The Catalan regional parliament has 135 seats: 85 for Barcelona; 18 for Tarragona, 17 for Girona and 15 for Lleida.
To win an overall majority, 68 seats are needed.
The main parties
Junts pel Sí (Together for Yes)
A coalition of key pro-independence parties, such as Esquerra Republicana de Catalunya (ERC) and Convèrgencia Democràtica de Catalunya (CDC).
Artur Mas features in the list headed by former Greens MEP, Raül Romeva.
Candidatura d’Unitat Popular (CUP) (Popular Unity)
A radical left-wing party, which is pushing for independence from Spain, the European Union and the Troika.
Its Presidential candidate is the journalist Antonio Baños.
Catalunya Sí Que Es Pot (Catalonia Yes We Can)
A coalition of civil, social parties and organisations, which includes Podemos, leftist Esquerra Unida i Alternativa (EUiA), the Greens Iniciativa per Catalunya-Verds (IC-V) and Equo.
An anti-austerity collective, it is in favour of a referendum on independence, negotiated with Spain. Its leader is activist Luis Rabell.
Ciutadans – Cs (Citizens)
A liberal party, its list covers a wide ideological spectrum.
It supports Catalonia as part of Spain, but proposes a reform on the region’s autonomy. Nationwide, Citizens is in favour of the “democratic regeneration” of Spain and speaks out against corruption. It is headed by Inés Arrimadas.
Partit dels Socialistes de Catalunya – PSC (Socialist Party of Catalonia)
The Catalan Federation of the leftist PSOE, Spain’s main opposition party.
It supports a federal model for Spain and constitutional reform.
Miquel Iceta heads the list.
Partido Popular de Catalunya – PP (Popular Party of Catalonia):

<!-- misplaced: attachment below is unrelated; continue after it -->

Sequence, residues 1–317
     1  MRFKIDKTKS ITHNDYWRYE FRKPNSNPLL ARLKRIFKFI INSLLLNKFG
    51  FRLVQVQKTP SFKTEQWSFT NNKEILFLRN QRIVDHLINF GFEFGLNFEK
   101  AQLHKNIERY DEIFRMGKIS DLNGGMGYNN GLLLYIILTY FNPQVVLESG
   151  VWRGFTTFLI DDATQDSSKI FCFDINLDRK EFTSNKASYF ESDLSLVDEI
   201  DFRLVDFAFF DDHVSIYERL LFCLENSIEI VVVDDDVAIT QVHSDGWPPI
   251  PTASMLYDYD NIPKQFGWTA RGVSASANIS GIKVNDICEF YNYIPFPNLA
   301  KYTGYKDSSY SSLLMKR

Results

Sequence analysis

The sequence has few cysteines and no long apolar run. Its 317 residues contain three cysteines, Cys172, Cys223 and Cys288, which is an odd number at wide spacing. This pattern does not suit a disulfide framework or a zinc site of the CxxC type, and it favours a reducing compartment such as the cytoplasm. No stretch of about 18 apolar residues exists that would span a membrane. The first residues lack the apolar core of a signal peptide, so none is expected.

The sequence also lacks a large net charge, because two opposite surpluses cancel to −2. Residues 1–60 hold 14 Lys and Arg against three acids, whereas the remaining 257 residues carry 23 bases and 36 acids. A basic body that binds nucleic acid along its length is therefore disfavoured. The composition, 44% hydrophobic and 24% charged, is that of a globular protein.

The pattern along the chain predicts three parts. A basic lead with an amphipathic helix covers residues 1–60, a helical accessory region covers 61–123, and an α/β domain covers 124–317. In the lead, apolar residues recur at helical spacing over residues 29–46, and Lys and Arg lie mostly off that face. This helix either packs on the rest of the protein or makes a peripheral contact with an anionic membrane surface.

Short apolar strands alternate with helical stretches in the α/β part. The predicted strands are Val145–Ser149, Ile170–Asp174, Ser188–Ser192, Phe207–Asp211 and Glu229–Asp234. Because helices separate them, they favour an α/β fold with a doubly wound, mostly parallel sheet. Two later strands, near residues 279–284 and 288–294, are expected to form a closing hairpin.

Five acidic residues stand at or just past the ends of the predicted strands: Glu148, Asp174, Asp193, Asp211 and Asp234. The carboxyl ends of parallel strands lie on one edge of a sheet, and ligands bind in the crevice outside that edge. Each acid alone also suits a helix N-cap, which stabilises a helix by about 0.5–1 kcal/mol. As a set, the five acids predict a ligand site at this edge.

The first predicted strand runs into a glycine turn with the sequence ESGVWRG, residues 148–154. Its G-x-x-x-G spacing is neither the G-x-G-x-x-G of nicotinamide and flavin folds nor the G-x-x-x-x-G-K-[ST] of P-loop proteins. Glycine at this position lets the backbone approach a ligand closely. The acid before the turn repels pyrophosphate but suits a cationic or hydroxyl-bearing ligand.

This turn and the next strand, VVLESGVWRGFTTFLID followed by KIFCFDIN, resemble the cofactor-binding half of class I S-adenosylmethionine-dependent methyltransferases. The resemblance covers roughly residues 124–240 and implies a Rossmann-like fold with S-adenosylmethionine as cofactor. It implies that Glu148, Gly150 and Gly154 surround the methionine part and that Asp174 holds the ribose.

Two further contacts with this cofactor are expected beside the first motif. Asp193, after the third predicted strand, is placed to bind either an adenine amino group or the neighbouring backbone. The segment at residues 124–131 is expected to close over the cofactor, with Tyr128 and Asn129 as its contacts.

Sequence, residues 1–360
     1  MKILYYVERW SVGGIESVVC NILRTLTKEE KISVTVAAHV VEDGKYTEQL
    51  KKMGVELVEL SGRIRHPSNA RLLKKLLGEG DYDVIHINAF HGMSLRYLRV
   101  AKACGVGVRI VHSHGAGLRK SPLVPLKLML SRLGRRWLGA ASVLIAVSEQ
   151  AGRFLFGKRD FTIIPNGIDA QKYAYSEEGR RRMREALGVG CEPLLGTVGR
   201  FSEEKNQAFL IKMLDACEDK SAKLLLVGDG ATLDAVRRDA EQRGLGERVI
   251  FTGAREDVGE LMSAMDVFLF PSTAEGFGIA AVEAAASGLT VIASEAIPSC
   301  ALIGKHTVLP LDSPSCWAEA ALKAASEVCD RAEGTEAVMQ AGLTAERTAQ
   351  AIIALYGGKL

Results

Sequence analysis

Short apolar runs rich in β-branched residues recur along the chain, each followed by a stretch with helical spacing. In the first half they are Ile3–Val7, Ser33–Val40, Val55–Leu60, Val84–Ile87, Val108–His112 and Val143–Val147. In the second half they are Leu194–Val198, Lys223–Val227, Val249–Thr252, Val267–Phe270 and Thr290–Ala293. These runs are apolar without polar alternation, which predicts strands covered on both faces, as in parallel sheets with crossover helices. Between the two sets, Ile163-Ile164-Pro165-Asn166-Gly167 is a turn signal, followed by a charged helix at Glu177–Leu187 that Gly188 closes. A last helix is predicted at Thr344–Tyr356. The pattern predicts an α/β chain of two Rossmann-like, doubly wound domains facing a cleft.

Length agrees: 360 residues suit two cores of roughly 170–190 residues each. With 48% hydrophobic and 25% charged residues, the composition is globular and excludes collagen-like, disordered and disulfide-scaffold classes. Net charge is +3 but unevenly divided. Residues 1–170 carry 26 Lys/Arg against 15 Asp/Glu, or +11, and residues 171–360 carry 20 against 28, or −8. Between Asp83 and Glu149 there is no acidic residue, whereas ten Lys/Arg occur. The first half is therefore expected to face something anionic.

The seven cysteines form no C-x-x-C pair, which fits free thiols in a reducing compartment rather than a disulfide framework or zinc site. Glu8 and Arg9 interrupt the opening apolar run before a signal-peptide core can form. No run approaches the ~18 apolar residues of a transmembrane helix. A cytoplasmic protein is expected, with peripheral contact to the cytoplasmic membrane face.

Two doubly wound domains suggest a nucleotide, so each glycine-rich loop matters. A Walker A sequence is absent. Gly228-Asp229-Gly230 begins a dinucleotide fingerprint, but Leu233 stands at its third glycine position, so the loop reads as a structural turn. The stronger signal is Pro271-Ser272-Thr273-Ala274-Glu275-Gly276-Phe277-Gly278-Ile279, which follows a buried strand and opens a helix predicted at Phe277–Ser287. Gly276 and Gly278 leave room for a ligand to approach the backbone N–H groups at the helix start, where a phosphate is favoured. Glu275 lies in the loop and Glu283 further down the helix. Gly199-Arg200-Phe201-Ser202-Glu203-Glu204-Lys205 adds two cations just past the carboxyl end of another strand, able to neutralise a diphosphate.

The ruling party nationwide.
Conservative, it is totally opposed to independence for Catalonia, seeing it as breaking apart Spain’s unity. It supports redefining administrations.
Its candidate is Xavier Garcia-Albiol.
Unió Democràtica de Catalunya – UDC (Democratic Union of Catalonia)
It broke with its historical ally CDC. UDC doesn’t defend an independence process if carried out in defiance of Spanish laws.
At the head of its list is Ramón Espadaler.
Which way does the outgoing parliament lean?
What do the polls say?
The Sociological Research Center’s latest state-run poll suggests the left-wing Junts pel Si movement could win a narrow majority in the vote.
If Junts pel Sí wins, but without an overall majority, a coalition with CUP is “expected to give the group a narrow majority“http://www.euronews.com/2015/09/11/catalan-national-day-may-mark-start-of-road-to-independence-from-spain/ and enough seats needed to take power.
Nobody knows, even Mariano Rajoy, it would seem.
If Junts pel Sí wins an absolute majority (68 seats), the Catalan Generalitat (government) could make a solemn declaration to start the independence process. This would be officially communicated to the Spanish government, the European Union and the international community.
Known as “disengagement” from the Spanish state, the process would take around 18 months. Only then would the Catalan parliament be able to formally declare independence and begin to draft a constitution.
However, if Junts pel Si needs the support of the CUP, the scenario could change.
And if all the pro-independence lists combined don’t get enough votes to form a government, Catalonia’s post-election situation will be even more uncertain.